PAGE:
Brother Sleep

Winner of the 2020 Alice James Award

A Rumpus Poetry Book Club Selection for August 2022

 

Praise for Brother Sleep:


"This book is a beautiful haunting. Formally inventive and alive, Aldo Amparán’s first collection Brother Sleep is essential reading for anyone who’s ever made it through night. The poems again and again seek definition for what can never be defined, living in the liminal space between the poet and memory. Amparán gifts us with a clear and important voice in this queer reckoning with landscape, desire, illness, and touch."

sam sax, author of madness

“Aldo Amparán’s Brother Sleep is a deep meditation on the loss of a brother, queer love, and surviving violent homophobia on the U.S.-Mexico border. Set in Ciudad Juárez, Chihuahua, and El Paso, Texas the two cities hold the people that populate these poems like a bedroom where all you can do is sleep. Here people are stuck in the nonlinear world of dreams, pain, and mourning. Here people long for and find affection amidst unspeakable violence. Amparán’s vision of the border is stunning, beautifully crafted, and gut-wrenching. One of the most exciting young voices in fronterizx literature writing today."  

Natalie Scenters-Zapico, author of Lima : Limón

"Aldo Amparán’s Brother Sleep is a wild ride of litanies, odes, elegies, and love poems. Each poem is an example of a poet who’s mastered the craft well enough to retrace steps back to the place where family, nationhood, and exile meet, 'I know Death/Is as fat, tall,/& white/As the edge/Of this page.' This is a beautiful debut."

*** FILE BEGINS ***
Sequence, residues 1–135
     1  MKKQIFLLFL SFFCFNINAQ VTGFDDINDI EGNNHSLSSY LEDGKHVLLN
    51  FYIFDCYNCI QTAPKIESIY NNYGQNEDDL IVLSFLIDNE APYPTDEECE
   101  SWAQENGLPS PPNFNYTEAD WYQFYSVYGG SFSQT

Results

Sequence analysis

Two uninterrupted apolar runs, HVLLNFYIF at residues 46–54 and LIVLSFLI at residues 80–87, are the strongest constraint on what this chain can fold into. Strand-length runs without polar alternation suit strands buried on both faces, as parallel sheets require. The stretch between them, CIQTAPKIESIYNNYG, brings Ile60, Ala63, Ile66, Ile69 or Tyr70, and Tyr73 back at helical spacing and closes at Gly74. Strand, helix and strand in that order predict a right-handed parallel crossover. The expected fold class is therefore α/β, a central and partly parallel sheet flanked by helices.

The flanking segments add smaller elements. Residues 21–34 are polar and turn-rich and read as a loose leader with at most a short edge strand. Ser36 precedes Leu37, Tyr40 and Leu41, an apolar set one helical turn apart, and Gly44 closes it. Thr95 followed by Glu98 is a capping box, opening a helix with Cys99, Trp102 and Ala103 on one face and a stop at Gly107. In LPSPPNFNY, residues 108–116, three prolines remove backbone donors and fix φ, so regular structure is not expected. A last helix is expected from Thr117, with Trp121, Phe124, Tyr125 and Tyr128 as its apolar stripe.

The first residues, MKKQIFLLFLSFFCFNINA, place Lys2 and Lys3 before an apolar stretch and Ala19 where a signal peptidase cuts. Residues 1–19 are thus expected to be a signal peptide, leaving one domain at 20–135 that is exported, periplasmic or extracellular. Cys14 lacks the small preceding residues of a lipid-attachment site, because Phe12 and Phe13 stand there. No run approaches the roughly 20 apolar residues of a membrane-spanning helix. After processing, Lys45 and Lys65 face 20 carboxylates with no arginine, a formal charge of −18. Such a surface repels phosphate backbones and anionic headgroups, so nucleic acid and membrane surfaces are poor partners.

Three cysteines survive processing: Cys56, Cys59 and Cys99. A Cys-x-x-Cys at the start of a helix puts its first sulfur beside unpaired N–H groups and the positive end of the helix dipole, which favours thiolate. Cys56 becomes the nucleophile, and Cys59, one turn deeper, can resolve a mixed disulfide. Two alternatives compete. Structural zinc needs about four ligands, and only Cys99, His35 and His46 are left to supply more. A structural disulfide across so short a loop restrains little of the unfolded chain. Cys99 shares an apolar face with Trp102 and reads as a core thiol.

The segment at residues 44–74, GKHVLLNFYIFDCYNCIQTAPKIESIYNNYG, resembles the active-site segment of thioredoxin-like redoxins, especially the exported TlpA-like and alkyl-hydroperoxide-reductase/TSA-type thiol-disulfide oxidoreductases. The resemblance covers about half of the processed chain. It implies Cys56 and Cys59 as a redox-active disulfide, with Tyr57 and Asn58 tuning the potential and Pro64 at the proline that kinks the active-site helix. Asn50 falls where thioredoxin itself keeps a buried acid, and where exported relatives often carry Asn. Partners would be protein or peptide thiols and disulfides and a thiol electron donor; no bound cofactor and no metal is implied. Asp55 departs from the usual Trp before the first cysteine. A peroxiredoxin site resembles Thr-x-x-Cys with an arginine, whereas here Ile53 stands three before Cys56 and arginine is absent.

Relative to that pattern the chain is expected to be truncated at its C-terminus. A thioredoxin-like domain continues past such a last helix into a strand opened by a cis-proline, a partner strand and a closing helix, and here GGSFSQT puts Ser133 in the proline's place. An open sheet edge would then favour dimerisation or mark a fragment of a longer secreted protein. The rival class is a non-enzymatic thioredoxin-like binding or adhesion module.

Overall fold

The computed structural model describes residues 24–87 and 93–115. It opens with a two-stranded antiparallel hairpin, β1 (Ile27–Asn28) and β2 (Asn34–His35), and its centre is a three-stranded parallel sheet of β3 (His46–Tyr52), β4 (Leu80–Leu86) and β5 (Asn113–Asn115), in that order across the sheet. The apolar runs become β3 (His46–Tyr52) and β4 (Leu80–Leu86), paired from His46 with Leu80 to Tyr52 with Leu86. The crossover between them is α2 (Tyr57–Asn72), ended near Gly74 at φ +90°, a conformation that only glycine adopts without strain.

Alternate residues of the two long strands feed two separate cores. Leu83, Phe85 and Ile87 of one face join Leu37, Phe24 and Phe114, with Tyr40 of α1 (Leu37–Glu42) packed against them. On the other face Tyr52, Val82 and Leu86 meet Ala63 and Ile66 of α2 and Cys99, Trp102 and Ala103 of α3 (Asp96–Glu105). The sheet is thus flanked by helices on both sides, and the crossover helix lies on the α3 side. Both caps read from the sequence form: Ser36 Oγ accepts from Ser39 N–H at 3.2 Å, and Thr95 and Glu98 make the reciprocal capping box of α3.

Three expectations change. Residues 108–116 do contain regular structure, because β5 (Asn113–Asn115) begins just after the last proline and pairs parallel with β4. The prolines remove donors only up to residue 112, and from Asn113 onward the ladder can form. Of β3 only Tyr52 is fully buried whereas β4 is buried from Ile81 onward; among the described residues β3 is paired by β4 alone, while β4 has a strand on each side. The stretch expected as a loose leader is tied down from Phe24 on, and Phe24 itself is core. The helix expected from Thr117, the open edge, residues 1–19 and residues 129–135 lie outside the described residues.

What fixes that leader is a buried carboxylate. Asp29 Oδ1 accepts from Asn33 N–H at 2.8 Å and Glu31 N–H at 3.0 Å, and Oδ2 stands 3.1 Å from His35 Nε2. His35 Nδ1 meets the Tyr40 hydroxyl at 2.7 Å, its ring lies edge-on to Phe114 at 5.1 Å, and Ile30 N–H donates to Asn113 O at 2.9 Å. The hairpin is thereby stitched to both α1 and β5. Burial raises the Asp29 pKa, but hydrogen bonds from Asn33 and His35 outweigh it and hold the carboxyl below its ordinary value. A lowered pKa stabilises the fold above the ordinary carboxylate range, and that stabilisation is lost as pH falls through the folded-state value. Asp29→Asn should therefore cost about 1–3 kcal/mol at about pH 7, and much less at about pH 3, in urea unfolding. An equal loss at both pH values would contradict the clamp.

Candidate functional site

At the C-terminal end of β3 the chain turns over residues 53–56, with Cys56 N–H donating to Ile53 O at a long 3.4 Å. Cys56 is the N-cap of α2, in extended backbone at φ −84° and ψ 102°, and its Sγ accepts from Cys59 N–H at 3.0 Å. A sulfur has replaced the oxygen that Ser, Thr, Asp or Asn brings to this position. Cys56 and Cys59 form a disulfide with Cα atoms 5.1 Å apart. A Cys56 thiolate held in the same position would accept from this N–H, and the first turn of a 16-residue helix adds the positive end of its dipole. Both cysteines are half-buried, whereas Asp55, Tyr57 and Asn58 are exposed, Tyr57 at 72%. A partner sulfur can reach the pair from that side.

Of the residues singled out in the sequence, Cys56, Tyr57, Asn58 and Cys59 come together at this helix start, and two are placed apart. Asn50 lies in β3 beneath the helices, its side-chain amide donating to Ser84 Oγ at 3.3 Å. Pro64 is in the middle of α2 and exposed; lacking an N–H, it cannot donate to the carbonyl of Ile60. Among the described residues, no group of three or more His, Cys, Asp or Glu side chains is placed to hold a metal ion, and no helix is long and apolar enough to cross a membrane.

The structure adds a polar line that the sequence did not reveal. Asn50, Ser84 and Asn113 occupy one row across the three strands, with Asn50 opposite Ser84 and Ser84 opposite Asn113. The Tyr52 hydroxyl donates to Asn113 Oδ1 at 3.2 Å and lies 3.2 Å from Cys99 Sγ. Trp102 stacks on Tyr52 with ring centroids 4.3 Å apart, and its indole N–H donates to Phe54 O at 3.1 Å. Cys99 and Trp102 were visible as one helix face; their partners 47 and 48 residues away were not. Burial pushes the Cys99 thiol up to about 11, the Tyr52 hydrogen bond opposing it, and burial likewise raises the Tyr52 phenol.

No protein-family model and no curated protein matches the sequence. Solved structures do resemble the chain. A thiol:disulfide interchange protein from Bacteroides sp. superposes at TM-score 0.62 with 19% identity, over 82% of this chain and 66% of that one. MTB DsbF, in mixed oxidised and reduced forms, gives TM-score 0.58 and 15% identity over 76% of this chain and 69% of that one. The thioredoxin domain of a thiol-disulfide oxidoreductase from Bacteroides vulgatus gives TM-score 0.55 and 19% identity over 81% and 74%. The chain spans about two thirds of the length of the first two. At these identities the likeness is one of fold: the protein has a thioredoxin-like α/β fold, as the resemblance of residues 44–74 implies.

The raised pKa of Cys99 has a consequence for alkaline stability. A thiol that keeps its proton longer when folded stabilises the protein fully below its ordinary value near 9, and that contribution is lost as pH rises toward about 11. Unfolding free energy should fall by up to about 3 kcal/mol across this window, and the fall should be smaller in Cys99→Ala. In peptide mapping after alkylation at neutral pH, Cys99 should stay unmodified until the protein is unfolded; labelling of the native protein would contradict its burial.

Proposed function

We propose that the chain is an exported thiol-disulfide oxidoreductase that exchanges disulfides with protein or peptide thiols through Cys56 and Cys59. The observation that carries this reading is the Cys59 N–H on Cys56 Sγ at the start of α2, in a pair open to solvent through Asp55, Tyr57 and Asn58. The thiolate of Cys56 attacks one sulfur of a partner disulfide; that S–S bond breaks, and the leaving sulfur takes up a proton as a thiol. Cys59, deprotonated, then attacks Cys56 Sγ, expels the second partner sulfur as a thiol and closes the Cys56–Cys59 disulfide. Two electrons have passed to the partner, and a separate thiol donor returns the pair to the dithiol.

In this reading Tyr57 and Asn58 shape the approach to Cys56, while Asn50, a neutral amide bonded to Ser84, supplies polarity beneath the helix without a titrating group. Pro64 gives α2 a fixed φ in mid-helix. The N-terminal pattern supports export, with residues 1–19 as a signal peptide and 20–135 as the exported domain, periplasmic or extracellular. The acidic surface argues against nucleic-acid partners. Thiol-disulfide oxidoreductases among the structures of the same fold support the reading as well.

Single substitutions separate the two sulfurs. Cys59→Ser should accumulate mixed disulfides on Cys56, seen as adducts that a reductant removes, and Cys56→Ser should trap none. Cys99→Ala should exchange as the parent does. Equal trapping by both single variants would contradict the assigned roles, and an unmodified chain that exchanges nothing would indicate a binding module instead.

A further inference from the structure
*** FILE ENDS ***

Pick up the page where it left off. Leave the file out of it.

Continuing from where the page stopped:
—Jericho Brown, author of The Tradition

"The poems in Brother Sleep, Aldo Amparán’s debut collection, slink and stagger across the page as they explore homoeroticism and the speaker’s painful estrangement from a deceased brother... [Amparán manages] moments of gentler sensuality by combining exquisite imagery, expertly crafted consonance, and subtle syllabics."

Diego Baéz, Harriet Books

"Brother Sleep declares war on the people, places, and words that stand against the powers of reconnection and re-creation by calling out the truth of their love for family, of their queer identity, and of the terror and violence against the bodies and minds of gay men. In their arsenal, Amparán wields memory, pain, and love, but not from the ubiquitous emotional landscape. Instead, they draw upon the ancient tradition of mourning loss through oratory, by sharing in poems that separate us from each other and bind us together."

Mikal Wix, West Trade Review

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